On Wednesday morning, an excavator sliced through grass and mud at the Longview Memorial Park cemetery until it exposed a soggy, unmarked grave. Officials from the Cowlitz County Coroner’s office donned protective suits and pulled from the water-filled hole a large black bag containing the bones of an unidentified man.
They were hoping to solve a mystery a quarter-century old.
The man’s body was found floating in the Cowlitz River on May 27, 1988. Authorities never could identify him, and in keeping with the usual procedure in these cases he was buried at a local cemetery. What little was known about him was recorded in a file, tucked away and pretty much forgotten by local officials.
But last month, Coroner Tim Davidson and Kelso police learned from a national missing persons database that dental records from the unidentified remains match those of a missing man with Cowlitz County ties. It’s the first break in the 25-year-old case.
On Wednesday, Davidson and four members of his staff used cemetery records to find the grave and dig it up to collect tissue samples for DNA analysis. Coroners didn’t collect tissue samples from unidentified remains decades ago, so Davidson and his team needed to exhume the body.
Identifying mystery bodies can be slow work, with small clues unfolding over decades. Older cases are especially difficult, Davidson said, because DNA, dental X-ray and other technologies weren’t commonly used decades ago.
In 1991, the Washington State Patrol dug up the man’s body and collected its jawbone in an effort to match dental records. That effort paid off only this year, when a sophisticated database in Texas known as the National Missing and Unidentified Persons System registered a match with the dental information collected by the state patrol.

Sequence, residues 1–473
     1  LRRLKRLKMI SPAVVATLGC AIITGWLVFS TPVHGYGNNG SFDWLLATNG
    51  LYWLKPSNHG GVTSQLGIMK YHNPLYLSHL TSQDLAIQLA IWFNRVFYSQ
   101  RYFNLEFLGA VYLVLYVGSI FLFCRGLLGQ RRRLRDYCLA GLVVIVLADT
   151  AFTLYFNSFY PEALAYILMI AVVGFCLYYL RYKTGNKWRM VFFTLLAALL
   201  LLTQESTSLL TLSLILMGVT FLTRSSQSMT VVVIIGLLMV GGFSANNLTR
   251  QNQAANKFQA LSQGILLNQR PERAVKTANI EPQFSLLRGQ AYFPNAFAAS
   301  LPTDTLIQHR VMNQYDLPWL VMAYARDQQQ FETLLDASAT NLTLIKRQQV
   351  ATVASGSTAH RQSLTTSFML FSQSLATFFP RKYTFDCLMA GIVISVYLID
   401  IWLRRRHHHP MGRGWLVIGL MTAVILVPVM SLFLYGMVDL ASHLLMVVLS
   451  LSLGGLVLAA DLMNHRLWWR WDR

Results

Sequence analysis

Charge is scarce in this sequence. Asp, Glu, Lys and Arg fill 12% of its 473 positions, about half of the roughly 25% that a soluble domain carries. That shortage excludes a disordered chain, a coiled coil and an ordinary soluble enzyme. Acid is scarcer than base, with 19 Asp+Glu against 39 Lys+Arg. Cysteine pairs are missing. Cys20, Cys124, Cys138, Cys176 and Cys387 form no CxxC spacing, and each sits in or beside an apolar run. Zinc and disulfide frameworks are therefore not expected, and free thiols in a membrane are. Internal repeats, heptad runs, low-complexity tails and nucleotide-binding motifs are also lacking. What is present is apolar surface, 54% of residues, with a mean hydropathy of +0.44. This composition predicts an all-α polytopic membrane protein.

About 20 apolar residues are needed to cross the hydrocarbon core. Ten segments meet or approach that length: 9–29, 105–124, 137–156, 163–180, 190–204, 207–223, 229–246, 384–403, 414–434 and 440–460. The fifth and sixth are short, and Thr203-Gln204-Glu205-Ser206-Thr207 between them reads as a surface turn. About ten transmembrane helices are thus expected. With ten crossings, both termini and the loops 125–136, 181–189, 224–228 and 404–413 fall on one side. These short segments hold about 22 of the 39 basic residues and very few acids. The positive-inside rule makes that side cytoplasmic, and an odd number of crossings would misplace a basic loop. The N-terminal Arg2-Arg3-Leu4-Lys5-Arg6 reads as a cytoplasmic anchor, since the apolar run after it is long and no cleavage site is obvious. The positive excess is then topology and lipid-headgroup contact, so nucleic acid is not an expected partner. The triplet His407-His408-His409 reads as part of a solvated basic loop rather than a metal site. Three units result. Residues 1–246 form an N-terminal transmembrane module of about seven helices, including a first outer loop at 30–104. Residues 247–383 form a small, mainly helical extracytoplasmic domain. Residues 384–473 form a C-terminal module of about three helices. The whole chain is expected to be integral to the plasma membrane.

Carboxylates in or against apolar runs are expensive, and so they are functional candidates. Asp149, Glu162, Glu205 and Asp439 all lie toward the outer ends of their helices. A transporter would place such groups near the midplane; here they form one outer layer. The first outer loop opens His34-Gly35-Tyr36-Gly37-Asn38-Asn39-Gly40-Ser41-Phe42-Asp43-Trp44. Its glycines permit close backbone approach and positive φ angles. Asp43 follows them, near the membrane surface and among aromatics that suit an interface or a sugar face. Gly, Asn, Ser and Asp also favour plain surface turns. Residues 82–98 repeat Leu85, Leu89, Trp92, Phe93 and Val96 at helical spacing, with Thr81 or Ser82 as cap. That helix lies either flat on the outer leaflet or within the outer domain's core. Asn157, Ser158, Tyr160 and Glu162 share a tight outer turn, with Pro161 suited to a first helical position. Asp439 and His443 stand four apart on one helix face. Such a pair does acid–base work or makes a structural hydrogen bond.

Davidson declined Wednesday to provide what may be the missing man’s name. He said he has not yet contacted possible family members because he does not want to raise their hopes in vain.
The man’s resting place in the Longview cemetery amounts to a modern-day pauper’s grave. He was buried in a body bag and placed in a concrete vault. Tucked into a small bag were the possessions the man had when his body was found — chewing tobacco, a bottle of medication and lip balm.
On Wednesday, Coroner’s employees carefully opened the body bag and removed the body’s two femurs — the upper leg bones. Davidson tucked the bones into a red plastic bag.
The bones will be sent to the Department of Forensic and Investigative Genetics at the University of North Texas in Fort Worth where, Davidson hopes, a lab will extract DNA that can be matched to that of the man’s surviving family members.
Dental evidence offers a good clue, but in older cases like this it isn’t fool-proof, he said. If a viable DNA sample can be removed from the bones, Davidson will contact what is believed to be the man’s family members and ask them for a DNA sample to see if there’s a match. Davidson expects a determination in about two months.
It’s the second unidentified body case the coroner’s office has worked to solve in the last year. In December, Davidson used the Texas lab and computer database to identify a man who washed up along the Columbia River shore in Longview as Charles A. Farley of Hiawatha, Kan.
On Wednesday, the coroner’s crew placed the remains in a fresh, white body bag and slipped them back into the grave. Davidson turned and walked away as a cemetery crew prepared to rebury the body.
“Hope this pays off,” he said.